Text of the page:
With so many bright minds focused on the same eventuality, there is hope that we can transition our energy system, which currently is responsible for some 75% of total greenhouse gas emissions, in time to save our planet from widespread environmental disaster.
What is also clear from our articles is that the transition away from fossil fuels will bring significant co-benefits, creating more jobs, increasing energy security and providing millions of people with energy access for the first time.
Nowhere is this potential more advantageous than in Africa. The continent is home to 600 million of the world’s 775 million people without access to electricity, most of them in sub-Saharan Africa, and bringing them power must be a priority for the energy transition. But research shows that renewables could supply 80% of Africa’s new power generation by 2030 – if investment goes to solar, wind, hydropower and geothermal. Another article from April 2022 said something similar: ‘Models indicate that the best path to building the most cost-optimal energy system [in Africa] is to maximise the use of renewable energy.’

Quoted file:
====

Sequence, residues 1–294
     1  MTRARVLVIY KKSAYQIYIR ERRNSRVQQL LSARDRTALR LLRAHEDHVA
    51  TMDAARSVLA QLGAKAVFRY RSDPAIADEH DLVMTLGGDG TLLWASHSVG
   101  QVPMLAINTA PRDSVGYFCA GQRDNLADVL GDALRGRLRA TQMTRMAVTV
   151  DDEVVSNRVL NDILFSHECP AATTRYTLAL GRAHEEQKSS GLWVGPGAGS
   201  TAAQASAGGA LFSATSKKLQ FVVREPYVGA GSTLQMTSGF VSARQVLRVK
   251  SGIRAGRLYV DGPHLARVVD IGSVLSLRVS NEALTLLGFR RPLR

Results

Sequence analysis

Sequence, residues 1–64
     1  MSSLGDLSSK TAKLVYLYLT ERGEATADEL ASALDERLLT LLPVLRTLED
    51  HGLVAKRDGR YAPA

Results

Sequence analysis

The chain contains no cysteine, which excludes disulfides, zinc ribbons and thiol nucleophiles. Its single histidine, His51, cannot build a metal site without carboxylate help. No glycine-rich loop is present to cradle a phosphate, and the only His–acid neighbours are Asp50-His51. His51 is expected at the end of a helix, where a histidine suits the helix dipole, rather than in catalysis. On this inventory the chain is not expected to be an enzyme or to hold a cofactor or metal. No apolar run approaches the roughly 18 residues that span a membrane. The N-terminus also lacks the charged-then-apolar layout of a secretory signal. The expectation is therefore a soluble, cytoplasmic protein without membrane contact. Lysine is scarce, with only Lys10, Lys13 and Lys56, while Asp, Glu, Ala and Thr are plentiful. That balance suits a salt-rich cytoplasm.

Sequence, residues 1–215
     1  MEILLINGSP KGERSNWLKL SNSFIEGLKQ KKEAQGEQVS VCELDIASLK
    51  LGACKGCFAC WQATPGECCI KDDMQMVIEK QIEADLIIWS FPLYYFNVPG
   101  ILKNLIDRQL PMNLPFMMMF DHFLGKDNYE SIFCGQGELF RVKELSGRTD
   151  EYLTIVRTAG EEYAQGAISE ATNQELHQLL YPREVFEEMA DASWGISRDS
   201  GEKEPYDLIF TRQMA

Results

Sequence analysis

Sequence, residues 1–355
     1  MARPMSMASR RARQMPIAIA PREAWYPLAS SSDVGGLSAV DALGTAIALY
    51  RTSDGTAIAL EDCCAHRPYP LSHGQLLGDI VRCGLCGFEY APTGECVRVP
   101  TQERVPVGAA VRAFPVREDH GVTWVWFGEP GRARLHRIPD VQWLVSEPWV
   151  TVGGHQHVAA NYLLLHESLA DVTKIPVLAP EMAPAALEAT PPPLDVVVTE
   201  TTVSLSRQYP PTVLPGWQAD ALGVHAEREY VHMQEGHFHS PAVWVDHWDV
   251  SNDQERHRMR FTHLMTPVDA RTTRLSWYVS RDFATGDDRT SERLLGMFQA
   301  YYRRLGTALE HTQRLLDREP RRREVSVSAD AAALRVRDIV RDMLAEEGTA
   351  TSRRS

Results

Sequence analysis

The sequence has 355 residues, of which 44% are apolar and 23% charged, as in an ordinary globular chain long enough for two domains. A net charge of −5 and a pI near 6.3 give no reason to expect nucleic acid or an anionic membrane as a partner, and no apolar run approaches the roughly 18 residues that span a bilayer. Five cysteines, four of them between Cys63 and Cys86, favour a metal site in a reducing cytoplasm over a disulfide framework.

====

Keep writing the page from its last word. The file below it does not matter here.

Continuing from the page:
Russia’s invasion of Ukraine has made investing in Africa’s extensive hydrocarbon reserves more appealing. However, as ‘projects typically require several years’ lead time before production can begin, and a lifespan of at least 20–25 years to achieve economic viability’ according to another of our articles, this poses a serious risk of stranded assets.
The risk of stranded assets through investment in fossil fuel projects is not limited to the African continent, however. With evidence of a shift to renewables conspicuous around the globe, industry experts predict an acceleration in investment into renewables this year, with those most committed to the transition reaping the most benefits further down the line.
What’s next for New Energy World?
Despite all the progress and possibilities, one thing hasn’t changed since we launched New Energy World – the urgent need to decarbonise the energy sector. A 2021 World Meteorological Organisation report found that climate change and extreme weather events grew five-fold over the past 50 years, killing two million people, 91% of whom lived in developing countries.
This flagrant injustice will continue, and worsen, until we massively reduce our GHG emissions. And this will be impossible without pivoting away from fossil fuels, increasing renewable energy generation capacity backed up with storage, and continually improving how efficiently we use our energy.
Until then, New Energy World will continue to follow the twists and turns of the ever-changing energy transition, calling attention to the human aspect by sharing stories from some of the amazing people working in the sector and listening to the grassroots voices affected by or campaigning on the climate crisis. Check in every Wednesday for the latest updates.
We’d also love to hear your thoughts on our magazine. If you have any feedback, questions or requests, please email them to email@example.com